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Tête-à-Tête on the Cloud

20.07.2012  | Finn Kristian Mathiesen, practicing radiologist and Chief Medical Information Officer at “Sygehus Lillebaelt”, Southern Denmark; Peder Jest, Chief Medical Officer at Odense University Hospital, Denmark; Ulf Andersson, Marketing Director, Carestream Health, Europe

Tête-à-Tête on the Cloud

(HealthTech Wire / Interview) - Cloud-based healthcare IT offers various advantages over conventional information and archiving systems. Until today, though, many healthcare providers are not really aware of this approach. Some even equate healthcare IT clouds with cloud services offered by Google or Amazon. HealthTech Wire has brought together Finn Kristian Mathiesen, a practicing radiologist and the Chief Medical Information Officer at the public regional hospital group “Sygehus Lillebaelt” in Southern Denmark, Peder Jest, Chief Medical Officer at Odense University Hospital, Denmark, and Ulf Andersson, Marketing Director for Carestream Health in Europe to share their views on cloud- based radiology.

Mr. Andersson, could you briefly summarize the advantages of cloud- based healthcare IT solutions like Carestream′s Vue portfolio over actually buying an RIS or a PACS?

Ulf Andersson: For radiologists, working with a cloud-based solution means being able to access images, use tools, and create reports wherever they want. They are not restricted to a particular workstation anymore. Cloud-based solutions also make it easier to implement collaborative care scenarios because they offer customizable worklists. On the financial side, cloud services are an easier way for the hospital administration to deal with funders, especially in public healthcare systems: They have annual running costs instead of having to ask for new IT investment budgets every couple of years. And for the CIO, clouds are attractive, too, because using a cloud means outsourcing part of the IT business, freeing up more time to concentrate on other issues.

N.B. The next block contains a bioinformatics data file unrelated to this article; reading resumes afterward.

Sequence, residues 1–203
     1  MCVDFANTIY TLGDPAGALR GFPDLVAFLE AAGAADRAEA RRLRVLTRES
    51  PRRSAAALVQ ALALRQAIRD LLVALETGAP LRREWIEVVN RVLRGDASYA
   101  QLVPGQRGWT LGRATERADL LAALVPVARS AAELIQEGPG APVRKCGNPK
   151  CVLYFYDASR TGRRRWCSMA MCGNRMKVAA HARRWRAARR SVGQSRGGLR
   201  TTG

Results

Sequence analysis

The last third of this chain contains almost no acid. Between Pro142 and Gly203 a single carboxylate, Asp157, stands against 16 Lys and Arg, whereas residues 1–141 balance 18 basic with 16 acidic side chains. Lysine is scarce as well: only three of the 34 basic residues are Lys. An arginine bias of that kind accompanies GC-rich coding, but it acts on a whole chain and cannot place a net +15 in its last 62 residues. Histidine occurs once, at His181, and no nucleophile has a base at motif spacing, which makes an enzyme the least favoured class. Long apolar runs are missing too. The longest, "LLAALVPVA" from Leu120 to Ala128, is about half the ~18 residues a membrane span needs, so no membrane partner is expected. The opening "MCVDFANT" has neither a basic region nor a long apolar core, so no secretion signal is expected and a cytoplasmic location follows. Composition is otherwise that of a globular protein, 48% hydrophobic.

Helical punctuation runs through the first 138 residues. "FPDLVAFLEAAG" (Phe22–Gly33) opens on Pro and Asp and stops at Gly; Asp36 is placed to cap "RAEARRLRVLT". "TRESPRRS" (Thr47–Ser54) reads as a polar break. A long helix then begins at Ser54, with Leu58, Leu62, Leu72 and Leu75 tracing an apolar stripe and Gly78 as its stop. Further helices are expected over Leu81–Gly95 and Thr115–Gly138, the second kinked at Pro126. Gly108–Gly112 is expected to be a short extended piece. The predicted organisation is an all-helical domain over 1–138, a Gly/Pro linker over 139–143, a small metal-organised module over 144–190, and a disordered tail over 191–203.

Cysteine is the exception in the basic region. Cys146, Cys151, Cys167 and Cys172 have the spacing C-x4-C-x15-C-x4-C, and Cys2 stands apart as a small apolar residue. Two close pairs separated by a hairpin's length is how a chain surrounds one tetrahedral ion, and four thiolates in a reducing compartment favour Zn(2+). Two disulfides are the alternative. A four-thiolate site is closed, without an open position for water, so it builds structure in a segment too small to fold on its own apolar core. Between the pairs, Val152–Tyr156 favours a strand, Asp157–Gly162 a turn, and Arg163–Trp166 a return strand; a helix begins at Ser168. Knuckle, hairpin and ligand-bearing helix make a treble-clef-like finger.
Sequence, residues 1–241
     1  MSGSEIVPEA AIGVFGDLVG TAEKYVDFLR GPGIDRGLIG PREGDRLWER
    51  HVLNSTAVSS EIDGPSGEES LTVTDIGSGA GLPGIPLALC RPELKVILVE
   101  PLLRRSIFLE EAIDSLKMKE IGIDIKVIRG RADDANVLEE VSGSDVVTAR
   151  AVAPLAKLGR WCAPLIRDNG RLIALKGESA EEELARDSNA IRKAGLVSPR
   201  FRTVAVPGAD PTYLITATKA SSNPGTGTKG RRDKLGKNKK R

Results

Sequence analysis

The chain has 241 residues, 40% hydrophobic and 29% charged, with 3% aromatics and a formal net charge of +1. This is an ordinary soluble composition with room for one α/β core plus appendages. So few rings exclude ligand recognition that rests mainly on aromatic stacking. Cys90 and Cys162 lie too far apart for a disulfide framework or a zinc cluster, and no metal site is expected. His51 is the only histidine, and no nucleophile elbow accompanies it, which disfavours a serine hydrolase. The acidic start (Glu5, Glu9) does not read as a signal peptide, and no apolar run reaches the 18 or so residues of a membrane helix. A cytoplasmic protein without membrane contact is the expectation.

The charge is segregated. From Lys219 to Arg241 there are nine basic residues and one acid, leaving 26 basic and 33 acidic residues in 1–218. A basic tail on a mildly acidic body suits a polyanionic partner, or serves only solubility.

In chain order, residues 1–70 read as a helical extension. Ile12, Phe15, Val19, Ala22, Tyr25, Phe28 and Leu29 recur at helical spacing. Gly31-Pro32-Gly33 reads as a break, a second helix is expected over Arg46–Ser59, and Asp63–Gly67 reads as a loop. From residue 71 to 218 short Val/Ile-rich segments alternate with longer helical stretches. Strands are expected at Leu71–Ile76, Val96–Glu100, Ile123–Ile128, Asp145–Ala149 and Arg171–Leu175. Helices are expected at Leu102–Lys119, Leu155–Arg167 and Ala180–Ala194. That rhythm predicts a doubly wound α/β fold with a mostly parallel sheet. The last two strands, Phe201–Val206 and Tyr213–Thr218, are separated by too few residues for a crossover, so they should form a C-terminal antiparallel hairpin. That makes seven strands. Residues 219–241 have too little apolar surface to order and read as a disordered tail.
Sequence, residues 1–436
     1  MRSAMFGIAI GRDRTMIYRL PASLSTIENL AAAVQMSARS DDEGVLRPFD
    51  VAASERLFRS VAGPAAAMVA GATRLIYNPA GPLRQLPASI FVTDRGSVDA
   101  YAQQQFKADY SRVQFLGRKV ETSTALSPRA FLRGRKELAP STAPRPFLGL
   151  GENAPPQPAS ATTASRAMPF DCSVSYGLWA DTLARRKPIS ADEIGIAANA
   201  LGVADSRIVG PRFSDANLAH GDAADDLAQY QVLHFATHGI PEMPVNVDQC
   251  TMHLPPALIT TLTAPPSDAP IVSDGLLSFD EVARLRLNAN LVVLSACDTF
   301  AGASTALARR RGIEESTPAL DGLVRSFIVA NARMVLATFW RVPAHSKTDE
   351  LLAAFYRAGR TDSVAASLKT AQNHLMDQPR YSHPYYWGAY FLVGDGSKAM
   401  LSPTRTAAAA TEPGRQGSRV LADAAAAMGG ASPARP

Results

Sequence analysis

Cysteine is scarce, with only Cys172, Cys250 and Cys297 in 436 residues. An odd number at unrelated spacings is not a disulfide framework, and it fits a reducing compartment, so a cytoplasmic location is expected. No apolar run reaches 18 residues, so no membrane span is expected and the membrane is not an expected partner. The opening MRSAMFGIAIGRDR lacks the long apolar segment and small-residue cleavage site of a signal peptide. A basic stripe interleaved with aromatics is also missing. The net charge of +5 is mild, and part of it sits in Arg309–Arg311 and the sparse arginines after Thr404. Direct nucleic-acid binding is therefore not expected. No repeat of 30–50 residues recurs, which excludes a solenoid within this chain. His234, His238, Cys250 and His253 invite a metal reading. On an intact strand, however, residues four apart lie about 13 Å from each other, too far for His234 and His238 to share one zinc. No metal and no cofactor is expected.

Finn Kristian Matthiesen: Getting access to patient information independently from particular workstations does indeed help to organise radiology in the daily routine. At Sygehus Lillebaelt, we have five hospitals and more than 300,000 radiological examinations per year. We use a server-based PACS solution with streaming technology. Our radiologist can, for example, use an laptop to create reports and use tools like 3D reconstruction. This saves a great deal of time and streamlines processes considerably.

Peder Jest: From a hospital point of view, I very much agree that collaboration scenarios are becoming ever more important. A delegation from Odense University Hospital recently visited the Eppendorf University Hospital in Hamburg because we are very interested in international collaboration. Cloud-based healthcare IT solutions could certainly facilitate this kind of cross-border projects. But the providers have to make sure that the legal and ethical standards in the different countries are dealt with properly.

Finn Kristian Mathiesen: We simply cannot store documents in a Google cloud, for example. Recently there was a case in Denmark where an institution decided to use Google Office. This was ruled illegal. The minimum requirement is that providers must guarantee that medical data stored in a cloud does not leave the European Union.

In conversations about cloud-based services in healthcare, the Google or Amazon clouds are always mentioned very quickly. Is there any reason to worry that patient data will suddenly appear on a Google server in California?